Jacques le Moyne de Sainte-Hélène

Jacques Le Moyne de Sainte-Hélène was a Canadian soldier who was born on April 16, 1659 in Montréal. He was the son of Charles Le Moyne and Catherine Thierry. He died in Quebec City in 1690.

HistoryEdit

In 1686, Jacques Le Moyne, with his brothers, Pierre Le Moyne d'Iberville[1] and Paul Le Moyne de Maricourt,[2] and the Chevalier de Troyes set out for the Hudson Bay to drive out the English, reclaiming it for France. The trip took 85 days up the Ottawa River, Lake Timiskaming, and Abitibi River. They and fourteen other men were successful in attacking a series of forts in the area, in effect, winning back the territory.

In 1687, he headed 300 Indians against the Senecas. The Governor of New France, the Marquis de Denonville made him lieutenant. In 1689 the Compagnie du Nord asked Jacques Le Moyne to try out a new route to Hudson Bay. He left with 38 men, as well as British ships, seized in Hudson Bay, and completed the trip in 28 days.

In 1690, Governor Louis de Buade de Frontenac counterattacked the English colonies with the raids made by the Iroquois incited by the English. Of the three expeditionary corps he raised, the Montreal detachment was led by Jacques Le Moyne and Nicolas d’Ailleboust de Manthet. The detachment was composed of 96 Canadians and 114 Frenchmen. In October of that same year, Le Moyne was posted as for the attack by William Phips. With accurate firing, two of Phips's ship retreated and tried to take refuge. The flagship was struck and leaking with many of its crew dead or wounded. Major Jown Walley was prevented from taking Québec City by gunners and by a detachment of men led by Jacques Le Moyne. However, Le Moyne was wounded in the leg, and the wound became worst after a few days. Sainte-Hélène was taken to the Hôtel-Dieu de Québec hospital where he died at the beginning of December 1690.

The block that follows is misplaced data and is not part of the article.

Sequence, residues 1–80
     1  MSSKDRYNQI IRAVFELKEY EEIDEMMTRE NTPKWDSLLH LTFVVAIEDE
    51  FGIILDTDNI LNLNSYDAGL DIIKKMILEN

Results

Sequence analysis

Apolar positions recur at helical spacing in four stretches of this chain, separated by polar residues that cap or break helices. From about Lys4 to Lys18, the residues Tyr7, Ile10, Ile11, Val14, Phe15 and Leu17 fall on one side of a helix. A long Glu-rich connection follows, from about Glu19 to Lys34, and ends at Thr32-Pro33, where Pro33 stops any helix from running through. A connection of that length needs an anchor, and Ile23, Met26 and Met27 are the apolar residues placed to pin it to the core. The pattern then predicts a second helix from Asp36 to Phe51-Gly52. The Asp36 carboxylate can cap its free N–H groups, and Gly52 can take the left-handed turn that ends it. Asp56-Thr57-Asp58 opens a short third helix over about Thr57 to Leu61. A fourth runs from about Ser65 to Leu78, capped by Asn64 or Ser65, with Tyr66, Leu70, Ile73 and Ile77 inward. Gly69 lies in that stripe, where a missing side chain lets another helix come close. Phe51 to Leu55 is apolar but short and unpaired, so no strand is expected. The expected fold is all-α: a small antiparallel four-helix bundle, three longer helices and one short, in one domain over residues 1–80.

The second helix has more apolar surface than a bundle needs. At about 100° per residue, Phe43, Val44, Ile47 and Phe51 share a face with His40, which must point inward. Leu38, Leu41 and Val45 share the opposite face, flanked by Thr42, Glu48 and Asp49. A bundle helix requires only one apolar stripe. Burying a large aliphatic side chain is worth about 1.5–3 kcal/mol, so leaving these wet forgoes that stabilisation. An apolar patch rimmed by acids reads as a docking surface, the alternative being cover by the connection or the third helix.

Jacques Le Moyne de Sainte-Hélène married Jeanne Dufresnoy Carion in Montreal. They had three children, one of whom, Jacques, made a career in Louisiana.

ReferencesEdit

  1. ^ Pothier, Bernard (1979) [1969]. "Le Moyne d'Iberville at d'Ardillières, Pierre". In Hayne, David (ed.). Dictionary of Canadian Biography. II (1701–1740) (online ed.). University of Toronto Press.
  2. ^ Horton, Donald J. (1979) [1969]. "Le Moyne de Maricourt, Paul". In Hayne, David (ed.). Dictionary of Canadian Biography. II (1701–1740) (online ed.). University of Toronto Press.

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